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On the Fed’s “Automatic Stabilizer”

The closing paragraphs of Doug Noland’s latest Credit Bubble Bulletin seemed worth sharing here, not that anyone really cares about this sort of thing anymore, but just as a reminder of how far out into the deep water we have collectively been swimming.

Fed QE operations (“leveraging”) have incentivized what I believe is unprecedented leveraged speculation on a global basis. This additional leveraging has unleashed only more liquidity/purchasing power that has exacerbated inflationary distortions. I argue strongly that all this leveraging has created a deep systemic (financial markets and real economy) dependency to ongoing balance sheet growth (liquidity creation) by the Fed. It has reached the point where even zero rates, massive QE, highly speculative securities markets, pockets of overheated real estate and asset markets, and record securities values spur only modest growth in the general economy.

From Yellen: “If the public understands and expects policymakers to behave in this systematically stabilizing manner, it will tend to respond less to such developments. Monetary policy will thus have an ‘automatic stabilizer’ effect that operates through private-sector expectations.”

The traditional gold standard was so effective because it in fact provided an “automatic stabilizer.” If Credit was created in excess, an economy would suffer a loss of gold. The reduced gold reserve would dictate higher rates and a (stabilizing) contraction in lending. Bankers and politicians understood the mechanics of the system (and were committed to sustaining the monetary regime), so they would tighten their belts when excess first emerged. In this way, the gold standard for the most part provided a stabilizing and self-correcting system. These days, everyone knows the Fed will not respond to excess. Our central bank, however, will be predictably quick to print additional “money” at the first sign of a faltering Bubble, liquidity that will reward financial speculation. Excess begets excess. Today’s system is the very opposite of “automatic stabilizer.”

This all could sound too theoretical. But with the Fed intending to conclude balance sheet leveraging later in the year, this theory might soon be tested.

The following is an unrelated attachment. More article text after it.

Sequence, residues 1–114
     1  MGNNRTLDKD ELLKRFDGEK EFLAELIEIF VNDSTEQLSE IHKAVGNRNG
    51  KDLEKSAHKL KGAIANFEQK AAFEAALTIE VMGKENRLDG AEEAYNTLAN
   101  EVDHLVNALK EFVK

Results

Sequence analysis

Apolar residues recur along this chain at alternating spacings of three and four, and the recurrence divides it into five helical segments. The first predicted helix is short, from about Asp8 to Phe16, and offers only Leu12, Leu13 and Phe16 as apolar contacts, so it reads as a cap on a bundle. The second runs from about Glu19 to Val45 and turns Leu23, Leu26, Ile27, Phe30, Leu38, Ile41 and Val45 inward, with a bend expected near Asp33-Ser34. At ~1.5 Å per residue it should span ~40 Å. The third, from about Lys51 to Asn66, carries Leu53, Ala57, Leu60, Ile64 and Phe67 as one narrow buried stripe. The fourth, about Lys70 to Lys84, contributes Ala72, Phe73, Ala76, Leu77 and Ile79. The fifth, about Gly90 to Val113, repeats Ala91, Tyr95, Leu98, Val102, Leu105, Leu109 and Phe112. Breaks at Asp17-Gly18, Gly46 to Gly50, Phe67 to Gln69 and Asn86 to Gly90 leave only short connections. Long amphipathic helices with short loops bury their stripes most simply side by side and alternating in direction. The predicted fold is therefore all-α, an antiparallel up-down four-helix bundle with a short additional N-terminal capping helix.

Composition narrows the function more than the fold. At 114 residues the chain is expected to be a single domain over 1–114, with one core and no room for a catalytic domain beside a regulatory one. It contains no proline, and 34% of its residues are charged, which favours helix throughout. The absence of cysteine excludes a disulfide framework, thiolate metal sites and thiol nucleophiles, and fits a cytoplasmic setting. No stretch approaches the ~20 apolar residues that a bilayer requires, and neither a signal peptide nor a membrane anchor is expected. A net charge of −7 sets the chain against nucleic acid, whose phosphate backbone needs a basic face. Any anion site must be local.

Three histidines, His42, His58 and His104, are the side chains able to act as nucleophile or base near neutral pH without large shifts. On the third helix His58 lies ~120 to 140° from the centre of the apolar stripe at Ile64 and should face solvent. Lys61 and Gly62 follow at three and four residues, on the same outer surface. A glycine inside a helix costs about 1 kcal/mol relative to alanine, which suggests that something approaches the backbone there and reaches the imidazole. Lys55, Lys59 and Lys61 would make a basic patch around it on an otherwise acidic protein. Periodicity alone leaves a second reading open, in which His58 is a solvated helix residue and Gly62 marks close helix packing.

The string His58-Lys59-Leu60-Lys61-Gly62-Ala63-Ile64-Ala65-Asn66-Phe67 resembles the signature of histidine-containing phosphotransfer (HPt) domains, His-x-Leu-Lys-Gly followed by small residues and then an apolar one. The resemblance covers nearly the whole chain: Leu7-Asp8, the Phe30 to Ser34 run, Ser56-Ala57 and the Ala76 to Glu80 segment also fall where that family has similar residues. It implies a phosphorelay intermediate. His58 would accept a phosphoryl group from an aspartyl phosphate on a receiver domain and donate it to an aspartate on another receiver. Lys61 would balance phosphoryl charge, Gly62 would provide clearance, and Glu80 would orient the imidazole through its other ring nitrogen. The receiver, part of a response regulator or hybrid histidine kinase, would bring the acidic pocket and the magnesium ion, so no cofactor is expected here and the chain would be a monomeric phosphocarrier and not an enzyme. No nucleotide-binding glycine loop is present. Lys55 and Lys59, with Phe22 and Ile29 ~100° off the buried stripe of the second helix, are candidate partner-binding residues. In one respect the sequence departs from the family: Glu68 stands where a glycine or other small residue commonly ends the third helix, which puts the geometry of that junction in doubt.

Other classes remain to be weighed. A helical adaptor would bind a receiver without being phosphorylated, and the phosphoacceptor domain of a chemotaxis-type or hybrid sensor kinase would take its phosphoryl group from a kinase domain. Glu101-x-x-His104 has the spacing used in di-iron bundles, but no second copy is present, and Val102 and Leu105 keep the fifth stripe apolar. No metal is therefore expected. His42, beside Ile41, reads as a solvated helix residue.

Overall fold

That highlighted passage is key – all the Fed’s work hasn’t done much for the economy.

Naturally, stocks are higher today along with bonds, real estate, and other asset classes.

Janet Yellen and the “B-Word”

John Cassidy writes in the New Yorker that Federal Reserve Chair Janet Yellen didn’t see fit to once mention asset bubbles in her speech at the Economic Club of New York the other day and that, in itself, is a bit disconcerting.

But what was most striking to me about Yellen’s remarks was that she didn’t even discuss the financial markets and the overriding need to avoid another damaging speculative bubble, like the ones that the American economy experienced in the late nineteen-nineties and mid-two-thousands. Indeed, Yellen didn’t use the B-word at all. Given that her immediate predecessors, Alan Greenspan and Ben Bernanke, will be remembered for, among other things, their roles in inflating the bubbles in the stock market and the housing market, that was a pretty remarkable omission.

Recent history can’t be avoided, and neither can the task of maintaining financial stability and avoiding boom-bust cycles, particularly in the credit markets. Together with maintaining an adequate level of over-all demand in the economy, which is necessary for investment and job creation to proceed, it is the key challenge that all central banks face. But Yellen didn’t even mention it. Instead, she couched her remarks in terms of the old-fashioned inflation-unemployment trade-off, which is precisely the conceptual framework that encouraged Greenspan and Bernanke to shrug off what was happening in the financial and housing markets.